Migration: Federal and state governments: Hardened fronts on refugee costs

In the dispute over financing the reception of refugees, there are no signs of any rapprochement between the federal states and local authorities on the one hand and the federal government on the other.

Migration: Federal and state governments: Hardened fronts on refugee costs

In the dispute over financing the reception of refugees, there are no signs of any rapprochement between the federal states and local authorities on the one hand and the federal government on the other. The states are pushing for more money from the federal government. Yesterday evening, the Heads of the State Chancellery sent the Federal Chancellery a common basis for consultation.

Tomorrow this will be discussed at the refugee summit in Berlin. Doubts about the government's course are also being voiced within the traffic light coalition of SPD, Greens and FDP: Greens leader Ricarda Lang has demanded more money from the federal government for the accommodation of refugees.

Countries make four demands

The countries are going into tomorrow's talks with great unity. The paper, which was sent to the Chancellery yesterday evening and is available to the German Press Agency, mainly includes four specific demands: The federal states demand full reimbursement of costs for accommodation and heating for refugees as well as a general monthly per capita flat rate for accommodation and care according to the Asylum Seekers Benefits Act .

In addition, the Prime Ministers want a reliable solution for integration costs and the costs for unaccompanied refugees at the federal-state consultations tomorrow with Chancellor Olaf Scholz (SPD). "A financing model is needed that is appropriate in terms of amount and adapts to changing refugee numbers (breathing system)," says the state paper. In the first four months of this year alone, initial asylum applications increased by almost 80 percent compared to the same period last year increased.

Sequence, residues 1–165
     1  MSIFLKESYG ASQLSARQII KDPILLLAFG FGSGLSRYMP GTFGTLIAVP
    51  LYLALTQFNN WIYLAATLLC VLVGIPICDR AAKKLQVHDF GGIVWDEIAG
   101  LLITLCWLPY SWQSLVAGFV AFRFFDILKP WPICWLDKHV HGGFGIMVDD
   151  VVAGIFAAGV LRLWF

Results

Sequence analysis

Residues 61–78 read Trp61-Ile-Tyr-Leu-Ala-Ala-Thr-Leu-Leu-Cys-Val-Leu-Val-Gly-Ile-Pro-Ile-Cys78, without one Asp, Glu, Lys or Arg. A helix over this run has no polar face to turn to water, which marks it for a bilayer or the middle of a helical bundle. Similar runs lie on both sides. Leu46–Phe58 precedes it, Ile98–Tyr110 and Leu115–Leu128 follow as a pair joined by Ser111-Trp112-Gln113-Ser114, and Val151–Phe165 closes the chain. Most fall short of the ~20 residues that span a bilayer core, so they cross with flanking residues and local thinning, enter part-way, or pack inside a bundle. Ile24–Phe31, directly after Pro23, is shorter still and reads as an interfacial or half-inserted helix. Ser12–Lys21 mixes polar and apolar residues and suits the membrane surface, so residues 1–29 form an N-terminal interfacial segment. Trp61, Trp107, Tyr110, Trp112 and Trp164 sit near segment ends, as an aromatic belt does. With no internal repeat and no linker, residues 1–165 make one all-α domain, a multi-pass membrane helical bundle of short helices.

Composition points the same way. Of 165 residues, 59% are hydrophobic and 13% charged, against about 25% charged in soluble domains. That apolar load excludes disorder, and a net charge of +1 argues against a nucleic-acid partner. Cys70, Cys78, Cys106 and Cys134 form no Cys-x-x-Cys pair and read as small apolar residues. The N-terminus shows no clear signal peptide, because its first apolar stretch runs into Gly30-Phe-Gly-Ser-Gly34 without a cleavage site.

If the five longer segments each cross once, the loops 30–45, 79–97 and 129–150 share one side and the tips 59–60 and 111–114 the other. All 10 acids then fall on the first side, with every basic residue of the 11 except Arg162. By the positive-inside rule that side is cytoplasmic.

Controversy over lifting dampens expectations

Government spokesman Steffen Hebestreit emphasized yesterday in Berlin that the federal government already bears a significant part of the costs of taking in refugees in Germany. "It is true that the municipalities are facing financial challenges," said Hebestreit. However, the federal states are responsible for their financial situation, direct financial relationships between the federal government and the municipalities are not legally provided for. "In this respect, the federal government can only help to a limited extent."

Green leader Lang said she assumes that the government has an eye for the problems on the ground and doesn't want to let anyone down. "That's why I'm optimistic that we can find solutions together." Many municipalities went to their load limit. "In the end, it will probably also be about a financial contribution from the federal government." The demand for more financial support had so far been rejected by the federal government.

FDP General Secretary Bijan Djir-Sarai said his party expects tomorrow's meeting to herald "a turning point in migration policy". "This is not about money. Money will only help in the short term. What we need are political solutions." It is about management and control in migration policy. "People in our country want to know who is coming to us."